Redux: The Idea of Women’s Language


Every week, the editors of The Paris Review lift the paywall on a selection of interviews, stories, poems, and more from the magazine’s archive. You can have these unlocked pieces delivered straight to your inbox every Sunday by signing up for the Redux newsletter.

Last week, The Paris Review announced Women at Work Volume Two, a collection of twelve interviews with female artists from the Writers at Work series. Volume Two is available for preorder now.

This week, we bring you selections of work by some of the women featured in Volume Two: Luisa Valenzuela’s 2001 Art of Fiction interview, Louise Erdrich’s short story “The Beet Queen,” and May Sarton’s poem “Letters from Maine.”

If you enjoy these free interviews, stories, and poems, why not subscribe to read the entire archive? You’ll also get four new issues of the quarterly delivered straight to your door. 

 

Luisa Valenzuela, The Art of Fiction No. 170
Issue no. 160 (Winter 2001)

INTERVIEWER

What do you think about the idea of women’s language?

VALENZUELA

I openly fight for it. I think there is a different charge in the words—women come from the badlands of language. Women know a lot about ambivalence and ambiguity—which is why, I think, good, subtle political writing by women novelists is dismissed in Argentina. Women are expected to console, not disturb the readers.

 

 

The Beet Queen
By Louise Erdrich
Issue no. 95 (Spring 1985)

Long before they planted beets in Argus and built the highways, there was a rail road. Along the track, which crossed the Dakota-Minnesota border and stretched on east to Minneapolis, everything that made the town arrived. All that diminished the town departed by that route too. On a cold spring morning in 1932 the train brought both an addition and a subtraction. They came by freight. By the time they reached Argus their lips were violet and their feet were so numb that, when they jumped out of the boxcar, they stumbled and scraped their palms and knees through the cinders.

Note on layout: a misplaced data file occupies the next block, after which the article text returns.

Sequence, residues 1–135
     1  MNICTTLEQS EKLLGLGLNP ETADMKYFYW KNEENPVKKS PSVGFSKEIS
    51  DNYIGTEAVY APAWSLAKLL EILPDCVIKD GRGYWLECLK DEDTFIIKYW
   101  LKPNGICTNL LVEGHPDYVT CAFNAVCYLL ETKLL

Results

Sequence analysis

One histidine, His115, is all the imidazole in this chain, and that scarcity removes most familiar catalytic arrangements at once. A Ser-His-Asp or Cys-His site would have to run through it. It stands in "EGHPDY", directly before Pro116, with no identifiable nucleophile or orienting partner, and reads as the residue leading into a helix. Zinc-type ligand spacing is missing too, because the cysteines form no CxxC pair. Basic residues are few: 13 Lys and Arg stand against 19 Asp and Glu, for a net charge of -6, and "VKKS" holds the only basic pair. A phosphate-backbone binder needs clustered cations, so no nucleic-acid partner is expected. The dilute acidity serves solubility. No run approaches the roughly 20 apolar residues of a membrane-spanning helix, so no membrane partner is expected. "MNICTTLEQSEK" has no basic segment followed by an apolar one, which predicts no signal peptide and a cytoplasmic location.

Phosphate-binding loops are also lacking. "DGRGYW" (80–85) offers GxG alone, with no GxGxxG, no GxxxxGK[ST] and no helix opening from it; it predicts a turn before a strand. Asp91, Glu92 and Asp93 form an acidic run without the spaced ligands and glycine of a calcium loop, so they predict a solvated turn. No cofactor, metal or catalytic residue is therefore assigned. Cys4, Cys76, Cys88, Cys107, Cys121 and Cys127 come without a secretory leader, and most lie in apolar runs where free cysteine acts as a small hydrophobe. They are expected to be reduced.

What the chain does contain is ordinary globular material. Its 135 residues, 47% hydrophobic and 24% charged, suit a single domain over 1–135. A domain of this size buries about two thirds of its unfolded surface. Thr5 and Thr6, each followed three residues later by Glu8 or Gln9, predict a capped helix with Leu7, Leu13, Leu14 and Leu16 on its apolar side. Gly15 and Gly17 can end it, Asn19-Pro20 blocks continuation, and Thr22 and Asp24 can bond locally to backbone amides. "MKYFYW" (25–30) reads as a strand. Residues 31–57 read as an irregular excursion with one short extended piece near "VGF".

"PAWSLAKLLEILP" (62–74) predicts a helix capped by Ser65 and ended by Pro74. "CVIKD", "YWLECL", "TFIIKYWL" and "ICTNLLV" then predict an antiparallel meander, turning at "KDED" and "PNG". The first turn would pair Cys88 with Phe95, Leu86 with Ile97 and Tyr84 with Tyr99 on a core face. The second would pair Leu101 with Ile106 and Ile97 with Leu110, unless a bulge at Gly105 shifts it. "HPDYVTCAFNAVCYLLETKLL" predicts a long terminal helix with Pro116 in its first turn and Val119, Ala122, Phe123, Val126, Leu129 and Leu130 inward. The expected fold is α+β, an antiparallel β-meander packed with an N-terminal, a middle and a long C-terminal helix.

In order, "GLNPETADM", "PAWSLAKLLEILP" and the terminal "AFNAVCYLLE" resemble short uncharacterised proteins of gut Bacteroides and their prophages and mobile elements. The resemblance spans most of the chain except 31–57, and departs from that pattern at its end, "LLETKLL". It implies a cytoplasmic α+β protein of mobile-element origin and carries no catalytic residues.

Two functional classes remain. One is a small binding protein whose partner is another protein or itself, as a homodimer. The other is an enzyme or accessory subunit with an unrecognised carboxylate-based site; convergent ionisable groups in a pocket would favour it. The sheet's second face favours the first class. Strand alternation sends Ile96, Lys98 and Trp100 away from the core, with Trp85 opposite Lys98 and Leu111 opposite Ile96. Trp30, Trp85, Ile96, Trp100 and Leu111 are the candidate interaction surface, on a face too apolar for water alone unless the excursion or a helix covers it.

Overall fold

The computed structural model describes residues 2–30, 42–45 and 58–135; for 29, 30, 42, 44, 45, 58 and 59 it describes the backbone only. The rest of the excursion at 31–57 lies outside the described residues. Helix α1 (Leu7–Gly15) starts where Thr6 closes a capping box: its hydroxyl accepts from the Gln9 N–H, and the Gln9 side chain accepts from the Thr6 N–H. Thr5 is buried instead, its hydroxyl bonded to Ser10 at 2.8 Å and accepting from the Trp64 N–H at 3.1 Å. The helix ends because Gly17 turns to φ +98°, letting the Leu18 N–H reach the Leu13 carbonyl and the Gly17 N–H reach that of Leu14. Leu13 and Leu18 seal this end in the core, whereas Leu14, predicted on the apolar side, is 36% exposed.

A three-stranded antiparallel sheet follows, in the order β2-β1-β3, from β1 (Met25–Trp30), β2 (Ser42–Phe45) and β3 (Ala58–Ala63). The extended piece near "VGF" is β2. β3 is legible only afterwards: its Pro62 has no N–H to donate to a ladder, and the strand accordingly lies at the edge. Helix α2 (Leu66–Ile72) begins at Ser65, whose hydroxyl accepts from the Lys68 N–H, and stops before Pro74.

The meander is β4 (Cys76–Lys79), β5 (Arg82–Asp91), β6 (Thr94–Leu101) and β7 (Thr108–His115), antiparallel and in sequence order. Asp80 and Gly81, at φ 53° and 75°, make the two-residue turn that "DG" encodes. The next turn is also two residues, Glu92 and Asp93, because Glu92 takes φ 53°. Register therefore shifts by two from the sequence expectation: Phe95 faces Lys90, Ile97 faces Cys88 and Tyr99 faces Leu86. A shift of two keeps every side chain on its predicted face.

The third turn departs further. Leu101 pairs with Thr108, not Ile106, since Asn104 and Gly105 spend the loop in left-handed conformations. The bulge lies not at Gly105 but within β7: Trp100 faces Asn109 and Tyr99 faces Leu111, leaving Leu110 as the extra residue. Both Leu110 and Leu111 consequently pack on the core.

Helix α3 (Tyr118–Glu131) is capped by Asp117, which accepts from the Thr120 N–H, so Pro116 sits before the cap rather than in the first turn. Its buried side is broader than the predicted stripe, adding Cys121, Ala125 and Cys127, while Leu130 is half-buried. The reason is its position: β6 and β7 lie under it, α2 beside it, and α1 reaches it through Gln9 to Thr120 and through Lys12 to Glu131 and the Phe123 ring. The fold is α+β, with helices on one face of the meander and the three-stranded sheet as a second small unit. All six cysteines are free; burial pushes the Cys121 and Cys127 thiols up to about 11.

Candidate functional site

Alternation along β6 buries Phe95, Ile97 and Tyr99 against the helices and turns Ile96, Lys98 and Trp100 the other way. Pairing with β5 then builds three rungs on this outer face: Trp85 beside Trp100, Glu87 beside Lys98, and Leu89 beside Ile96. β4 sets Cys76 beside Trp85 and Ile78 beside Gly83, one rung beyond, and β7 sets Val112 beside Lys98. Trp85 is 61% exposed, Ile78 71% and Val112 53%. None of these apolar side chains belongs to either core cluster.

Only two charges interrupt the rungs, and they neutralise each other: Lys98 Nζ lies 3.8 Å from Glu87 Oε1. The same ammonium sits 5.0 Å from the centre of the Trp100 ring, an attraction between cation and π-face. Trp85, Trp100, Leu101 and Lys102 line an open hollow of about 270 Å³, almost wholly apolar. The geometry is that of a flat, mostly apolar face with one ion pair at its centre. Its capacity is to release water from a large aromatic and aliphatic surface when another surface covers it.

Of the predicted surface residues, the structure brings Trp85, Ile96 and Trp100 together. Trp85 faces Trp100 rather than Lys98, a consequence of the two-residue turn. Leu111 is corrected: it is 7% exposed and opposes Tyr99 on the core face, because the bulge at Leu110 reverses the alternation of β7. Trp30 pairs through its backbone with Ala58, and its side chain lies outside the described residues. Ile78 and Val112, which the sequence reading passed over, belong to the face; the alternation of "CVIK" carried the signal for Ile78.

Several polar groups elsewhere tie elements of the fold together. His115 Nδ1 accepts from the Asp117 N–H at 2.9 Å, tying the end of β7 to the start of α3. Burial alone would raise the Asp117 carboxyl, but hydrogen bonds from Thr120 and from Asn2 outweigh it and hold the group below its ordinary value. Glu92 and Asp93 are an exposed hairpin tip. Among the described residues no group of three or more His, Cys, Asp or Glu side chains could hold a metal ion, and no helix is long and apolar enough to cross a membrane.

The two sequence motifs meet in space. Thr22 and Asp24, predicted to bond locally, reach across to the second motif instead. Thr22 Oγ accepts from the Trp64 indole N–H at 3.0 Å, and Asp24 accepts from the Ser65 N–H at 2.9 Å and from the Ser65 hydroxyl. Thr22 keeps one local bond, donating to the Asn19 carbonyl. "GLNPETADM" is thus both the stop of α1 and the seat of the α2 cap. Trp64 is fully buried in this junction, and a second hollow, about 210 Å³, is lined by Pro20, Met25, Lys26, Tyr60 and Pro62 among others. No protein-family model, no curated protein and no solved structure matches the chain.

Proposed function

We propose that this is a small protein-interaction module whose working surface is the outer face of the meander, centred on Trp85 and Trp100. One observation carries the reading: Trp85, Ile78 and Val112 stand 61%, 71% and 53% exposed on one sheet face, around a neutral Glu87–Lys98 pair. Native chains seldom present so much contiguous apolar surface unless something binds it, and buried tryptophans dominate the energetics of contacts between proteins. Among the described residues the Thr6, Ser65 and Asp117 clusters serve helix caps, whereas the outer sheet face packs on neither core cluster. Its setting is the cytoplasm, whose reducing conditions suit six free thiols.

Letters from Maine
By May Sarton
Issue no. 89 (Fall 1983)

1

Yes, I am home again, and alone.
Today wrote letters, then took my dog
Out through the sad November woods.
The leaves have fallen while I was away.
The ground is golden, while above
The maples are stripped of all color.
The ornamental cherries, red when I left.
Have paled now to translucent yellow.

Yes, I am home again but home has changed.
And I within this cultivated space
That I have made my own, feel at a loss.
Disoriented. All the safe doors
Have come unlocked and too much light
Has flooded every room. Where can I go?
Not toward you three thousand miles away
Lost in your own rich life, given me
For an hour.

Read between the lines.
Then meet me in the silence if you can.
The long silence of winter when I shall
Make poems out of nothing, out of loss.
And at times hear your healing laughter …

 

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